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SoundCorps begins extensive restoration project on Maury Island

Public Lands Commissioner Peter Goldmark, center, talks with Puget SoundCorps crew members at the Maury Island Marine Park last week. - Natalie Johnson/Staff Photo
Public Lands Commissioner Peter Goldmark, center, talks with Puget SoundCorps crew members at the Maury Island Marine Park last week.
— image credit: Natalie Johnson/Staff Photo

This month 30 young adults in hard hats and work boots descended on Maury Island to begin what some say is the largest environmental restoration Vashon has ever seen.

Over the next year, the Puget SoundCorps members will work four days a week at the Maury Island Marine Park, a former mining site purchased by the county in 1994. Crews will remove harmful invasive plants, plant native seedlings and expand the park’s trail system. A small group will focus on the aquatic reserve that borders the park, removing debris, testing the health of the marine habitat and identifying restoration projects.

The $2.2 million effort on Maury comes by way of a $30 million jobs bill the state Legislature passed last year, which included funding for nine Puget SoundCorps projects throughout the region. The marine park is the largest single site to see work by the SoundCorps, a part of the Washington Conservation Corps program.

During a tour of the site last week attended by state and county officials, Commissioner of Public Lands Peter Goldmark addressed the corps members, who are 18 to 25 years old. The workers will earn minimum wage while on the job and will receive a $5,500 education stipend to use toward college tuition or repayment of student loans.

“We can’t clean up and restore the sound without folks like you,” Goldmark told the crew.

In an interview, Goldmark, who is up for reelection, said it was special for him to see the restoration taking place on Maury Island. In 2009 Goldmark, newly elected to the statewide post, attempted to prevent Glacier Northwest from expanding mining operations at its site just south of the marine park, asking the company to prove its project was environmentally sound before proceeding. As the project hung in the balance, a federal judge halted construction, but Goldmark played a “small part,” he said, in protecting the nearby site.

“That effort, and seeing this great work to restore the uplands and tideland — it’s fulfilling,” he said.

The crew’s work at the park is already visible. On Wednesday workers cleared a large hill near the shoreline of Scotch broom and began to do the same on a nearby slope. A few workers on the beach — part of a separate crew also funded by the jobs bill — used buckets to sift through sand and gravel, looking for forage fish eggs, a sign of health at the shoreline. They’ll collect samples and complete shoreline restoration projects all along the Maury Island Aquatic Reserve, a protected area which includes all of Quartermaster Harbor and the southeast shore of Maury.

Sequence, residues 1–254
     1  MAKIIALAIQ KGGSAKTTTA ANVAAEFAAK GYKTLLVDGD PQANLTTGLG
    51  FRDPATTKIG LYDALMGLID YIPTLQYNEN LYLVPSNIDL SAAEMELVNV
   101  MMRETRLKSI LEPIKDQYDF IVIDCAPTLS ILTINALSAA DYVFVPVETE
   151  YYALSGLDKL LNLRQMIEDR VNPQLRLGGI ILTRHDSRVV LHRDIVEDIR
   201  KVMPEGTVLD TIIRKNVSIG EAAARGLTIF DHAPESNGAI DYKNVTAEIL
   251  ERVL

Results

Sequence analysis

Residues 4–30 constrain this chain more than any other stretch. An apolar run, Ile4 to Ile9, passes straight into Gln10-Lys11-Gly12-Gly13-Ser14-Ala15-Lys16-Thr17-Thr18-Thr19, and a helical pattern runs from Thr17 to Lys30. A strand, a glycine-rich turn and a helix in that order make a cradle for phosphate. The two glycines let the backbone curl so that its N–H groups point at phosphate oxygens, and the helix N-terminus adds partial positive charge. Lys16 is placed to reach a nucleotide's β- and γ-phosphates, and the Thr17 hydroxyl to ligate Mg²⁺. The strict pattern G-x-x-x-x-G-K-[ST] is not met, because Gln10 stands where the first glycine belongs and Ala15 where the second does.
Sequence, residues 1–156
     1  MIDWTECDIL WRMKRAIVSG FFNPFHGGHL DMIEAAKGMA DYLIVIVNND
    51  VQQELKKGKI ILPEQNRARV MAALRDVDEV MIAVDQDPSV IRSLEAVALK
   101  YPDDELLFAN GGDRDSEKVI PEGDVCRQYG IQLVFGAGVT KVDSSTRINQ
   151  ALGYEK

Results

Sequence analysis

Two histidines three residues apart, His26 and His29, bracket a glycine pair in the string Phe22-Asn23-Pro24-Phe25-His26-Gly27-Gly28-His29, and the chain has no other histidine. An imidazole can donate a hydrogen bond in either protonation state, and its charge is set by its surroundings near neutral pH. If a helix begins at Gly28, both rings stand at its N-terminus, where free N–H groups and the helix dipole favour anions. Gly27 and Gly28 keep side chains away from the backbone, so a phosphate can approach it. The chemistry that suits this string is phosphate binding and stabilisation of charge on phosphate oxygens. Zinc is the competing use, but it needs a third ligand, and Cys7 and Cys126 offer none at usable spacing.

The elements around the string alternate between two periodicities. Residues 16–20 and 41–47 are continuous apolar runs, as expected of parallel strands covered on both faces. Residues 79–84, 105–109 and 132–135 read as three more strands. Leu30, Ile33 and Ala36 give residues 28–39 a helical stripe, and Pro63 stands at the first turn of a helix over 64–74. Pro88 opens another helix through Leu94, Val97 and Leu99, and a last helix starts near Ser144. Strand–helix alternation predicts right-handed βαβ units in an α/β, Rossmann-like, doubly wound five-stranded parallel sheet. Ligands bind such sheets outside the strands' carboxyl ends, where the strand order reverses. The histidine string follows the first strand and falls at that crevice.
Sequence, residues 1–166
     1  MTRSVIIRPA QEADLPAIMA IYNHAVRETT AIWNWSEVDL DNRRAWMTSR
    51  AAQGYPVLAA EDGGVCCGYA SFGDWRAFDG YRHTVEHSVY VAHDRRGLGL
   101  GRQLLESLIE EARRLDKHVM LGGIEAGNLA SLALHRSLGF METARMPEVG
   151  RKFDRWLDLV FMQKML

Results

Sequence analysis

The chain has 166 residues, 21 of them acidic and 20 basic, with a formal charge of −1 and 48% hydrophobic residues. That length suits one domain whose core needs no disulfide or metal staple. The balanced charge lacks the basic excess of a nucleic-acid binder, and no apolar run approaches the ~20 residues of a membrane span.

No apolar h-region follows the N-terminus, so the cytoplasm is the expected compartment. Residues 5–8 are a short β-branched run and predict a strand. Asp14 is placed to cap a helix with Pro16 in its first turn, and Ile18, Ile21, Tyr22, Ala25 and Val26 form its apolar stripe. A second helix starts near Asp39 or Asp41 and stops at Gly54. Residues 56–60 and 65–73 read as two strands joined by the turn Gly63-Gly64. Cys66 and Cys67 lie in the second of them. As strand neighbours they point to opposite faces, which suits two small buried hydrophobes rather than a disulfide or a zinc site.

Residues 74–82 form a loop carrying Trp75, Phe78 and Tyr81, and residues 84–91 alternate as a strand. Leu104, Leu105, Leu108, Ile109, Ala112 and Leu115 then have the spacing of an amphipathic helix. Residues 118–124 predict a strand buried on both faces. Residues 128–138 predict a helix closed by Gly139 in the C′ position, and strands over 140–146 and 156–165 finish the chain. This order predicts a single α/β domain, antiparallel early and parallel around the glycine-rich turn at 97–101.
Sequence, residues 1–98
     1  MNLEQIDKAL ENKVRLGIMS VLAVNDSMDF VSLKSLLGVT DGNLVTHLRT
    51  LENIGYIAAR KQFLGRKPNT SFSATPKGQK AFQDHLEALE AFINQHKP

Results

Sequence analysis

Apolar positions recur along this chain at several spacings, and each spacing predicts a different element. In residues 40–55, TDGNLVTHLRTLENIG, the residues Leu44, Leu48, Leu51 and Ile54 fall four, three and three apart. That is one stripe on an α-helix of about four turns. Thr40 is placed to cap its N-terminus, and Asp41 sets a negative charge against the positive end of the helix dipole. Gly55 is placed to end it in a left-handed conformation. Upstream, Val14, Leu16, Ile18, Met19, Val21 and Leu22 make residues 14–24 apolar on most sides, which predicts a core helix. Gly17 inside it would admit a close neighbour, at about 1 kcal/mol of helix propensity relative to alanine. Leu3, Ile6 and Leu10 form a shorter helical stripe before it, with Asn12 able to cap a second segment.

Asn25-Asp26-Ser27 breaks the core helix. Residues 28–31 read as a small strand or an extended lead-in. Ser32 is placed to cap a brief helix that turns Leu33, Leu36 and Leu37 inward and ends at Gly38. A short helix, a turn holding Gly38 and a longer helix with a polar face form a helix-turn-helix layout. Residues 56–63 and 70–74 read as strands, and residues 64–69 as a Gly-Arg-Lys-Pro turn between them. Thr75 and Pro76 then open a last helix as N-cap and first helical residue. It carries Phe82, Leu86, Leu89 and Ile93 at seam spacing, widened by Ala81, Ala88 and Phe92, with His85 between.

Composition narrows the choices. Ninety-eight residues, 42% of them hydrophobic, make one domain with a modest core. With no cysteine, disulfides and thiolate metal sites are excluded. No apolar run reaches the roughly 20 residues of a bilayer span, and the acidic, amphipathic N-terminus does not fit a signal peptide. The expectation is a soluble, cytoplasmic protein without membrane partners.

The bulk of the upland crew’s efforts will be focused on the 70-acre mining scar, as it’s called on the site, where earth was once removed and invasive plants have taken hold. Workers will replace the rampant Scotch broom, blackberry and other noxious plants with about 70,000 native trees and shrubs. The will also build new trails at the expansive park and improve existing ones.

Of the nearly 30 young people and five crew leaders at the park, only two are from Vashon. Organizers say they made hiring Islanders a priority for the project and were prepared to hire up to half of the crew members from Vashon, but Islanders simply didn’t show. Despite efforts to recruit Vashon residents, the state only received three applications from Vashon, said Nick Mott, Washington Conservation Corps program director. One applicant didn’t meet the age requirement, and the other two were hired. Mott said he thought there simply weren’t many young people on Vashon looking for work.

Most crew members are from the Tacoma and Seattle areas, he said.

“They’re not on the Island, but you still would consider them local,” Mott said.

The SoundCorps crew isn’t the first to begin restoration at the marine park. For years volunteers from People for Puget Sound and other groups have tackled invasives at the park, and some areas are dotted with small, recently planted trees and bushes marked with orange tape.

Tina Miller, volunteer coordinator for King County Parks, said the SoundCorps, because of its sheer size and long stay at the park, will be able to complete more restoration than has ever been done there.

At the same time, she said, there’s much to done at the 300-acre park, which was damaged from years of mining operations. In the next year the crew will be able to touch only about a third of the site.

“It’s setting the stage for an actual ecological restoration to occur,” she said.

Miller said organizers are already hoping the state will continue the jobs bill funding for at least another year, something that would allow SoundCorps to do significantly more on Maury.

“It would be a huge boost for this project,” she said.

 

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